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Academy Awards Dump 2017

D.W.G prophecy from 100 years ago
Back in the early 1980s I had a communications professor at university, Tom Cooper, who also had the unfortunate task of being my faculty advisor. One day we were sitting in his office shoot'n the shit and I asked him what he thought the future of cinema would look like. He said many things that have since come to pass and one very interesting observation he made had to do with the position films/movies (which were primarily shown in a movie theater in those days) would occupy in the future - he equated them with opera. People would go to movies and they would still enjoy the experience of siting in a theater and seeing images flashed upon the big screen, but films would be few in number and these extravagant productions would be very targeted to a particular audience. Movies of the future would NOT have mass appeal but instead would be high concept fetishes that appeal to folks with a lot of money. Also, there would be a financial imperative driving studios to re-make past success that have a proven audiences (i.e Ghostbusters 2).

All of which has transpired and shows my professor to be prescient, but he did not take into account how easy it would be to make a movie with new (inexpensive) technology and a global distribution network enabling "little movies" to keep on getting made and celebrated. As long time readers already know the KOTCB blog usually gives a brief review of the best picture nominees for the Oscar's 2014 - 2015 - 2016 but not this year.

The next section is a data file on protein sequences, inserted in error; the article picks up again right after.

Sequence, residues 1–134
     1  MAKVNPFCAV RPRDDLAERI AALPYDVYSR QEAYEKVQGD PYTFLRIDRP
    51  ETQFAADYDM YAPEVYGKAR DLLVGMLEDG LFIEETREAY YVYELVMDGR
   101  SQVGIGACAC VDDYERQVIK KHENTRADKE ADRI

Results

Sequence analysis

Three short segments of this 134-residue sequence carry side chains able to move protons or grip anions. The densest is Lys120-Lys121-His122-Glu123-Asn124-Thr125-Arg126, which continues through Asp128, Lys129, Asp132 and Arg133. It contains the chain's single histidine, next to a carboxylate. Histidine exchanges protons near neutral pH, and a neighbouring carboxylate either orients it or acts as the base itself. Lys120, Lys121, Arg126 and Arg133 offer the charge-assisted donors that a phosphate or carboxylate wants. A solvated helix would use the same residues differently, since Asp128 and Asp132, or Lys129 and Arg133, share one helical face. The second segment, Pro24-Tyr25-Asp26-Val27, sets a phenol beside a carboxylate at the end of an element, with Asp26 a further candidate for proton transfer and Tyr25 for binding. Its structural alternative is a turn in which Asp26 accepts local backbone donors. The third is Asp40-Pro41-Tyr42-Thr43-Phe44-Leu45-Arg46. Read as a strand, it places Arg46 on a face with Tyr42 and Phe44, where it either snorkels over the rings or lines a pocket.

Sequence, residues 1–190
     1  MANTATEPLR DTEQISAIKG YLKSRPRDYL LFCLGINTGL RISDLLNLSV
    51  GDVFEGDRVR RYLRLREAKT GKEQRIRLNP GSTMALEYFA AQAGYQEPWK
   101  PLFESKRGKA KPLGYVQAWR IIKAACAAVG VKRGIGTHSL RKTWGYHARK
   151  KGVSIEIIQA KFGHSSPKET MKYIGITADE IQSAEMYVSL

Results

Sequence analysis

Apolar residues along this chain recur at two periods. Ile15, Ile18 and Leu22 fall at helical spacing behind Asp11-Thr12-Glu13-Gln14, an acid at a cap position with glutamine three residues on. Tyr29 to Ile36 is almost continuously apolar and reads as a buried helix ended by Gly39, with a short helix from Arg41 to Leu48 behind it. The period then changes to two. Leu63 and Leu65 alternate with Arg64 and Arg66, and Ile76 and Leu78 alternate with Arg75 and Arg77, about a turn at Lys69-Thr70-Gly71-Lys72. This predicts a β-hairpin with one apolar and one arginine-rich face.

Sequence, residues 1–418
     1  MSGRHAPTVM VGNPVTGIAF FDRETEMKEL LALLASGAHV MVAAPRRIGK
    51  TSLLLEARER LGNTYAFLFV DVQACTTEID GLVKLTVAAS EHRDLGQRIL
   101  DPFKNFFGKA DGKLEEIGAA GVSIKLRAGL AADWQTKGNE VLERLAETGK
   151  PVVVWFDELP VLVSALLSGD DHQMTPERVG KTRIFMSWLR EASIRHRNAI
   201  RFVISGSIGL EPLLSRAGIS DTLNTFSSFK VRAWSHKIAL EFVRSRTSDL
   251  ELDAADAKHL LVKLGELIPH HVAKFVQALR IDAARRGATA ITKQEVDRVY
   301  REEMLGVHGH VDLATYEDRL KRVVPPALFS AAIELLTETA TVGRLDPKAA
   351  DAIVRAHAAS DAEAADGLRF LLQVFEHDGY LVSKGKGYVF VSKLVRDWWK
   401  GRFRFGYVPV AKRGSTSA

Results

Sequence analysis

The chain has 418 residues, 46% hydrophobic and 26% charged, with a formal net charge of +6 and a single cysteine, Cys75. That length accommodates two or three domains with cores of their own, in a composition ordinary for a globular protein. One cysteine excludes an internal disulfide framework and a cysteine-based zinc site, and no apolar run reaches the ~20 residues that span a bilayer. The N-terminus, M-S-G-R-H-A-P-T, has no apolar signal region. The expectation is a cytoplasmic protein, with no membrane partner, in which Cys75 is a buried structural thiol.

Check out this years best picture nominees:
“Arrival”
“Fences”
“ Hacksaw Ridge ”
“ Hell or High Water ”
“Hidden Figures”
“La La Land”
“Lion”
“ Manchester by the Sea ”
“Moonlight”

Now look at this years best foreign picture nominees:
“Toni Erdmann,”
“The Salesman,”
“A Man Called Ove,”
“Tanna,”
“Land of Mine,”

Do any of the domestic products have any more purchase on the broad cultural imagination than the imports. I say no. I don't think anyone cares anymore and I'll be the first to update this blog post tomorrow if the overnights come in and blow everyone away with high ratings. I saw "Arrival" and "Hell or High Water" and they were okay but not worth the time it takes to come up with something cleaver to say about them. If I did it would be something about an octopus and family loyalty but I can hardly do an AADump having seen only 2 of the pictures. I wanted to see "La La Land" (because I love LA) and "Lion" (a little bit) and my wife saw "Manchester by the Sea" (she cried a lot seeing the carnage in America) but I never got around to seeing them. I hear "Hidden Figures" is great - I know a few people who saw it and just raved about it.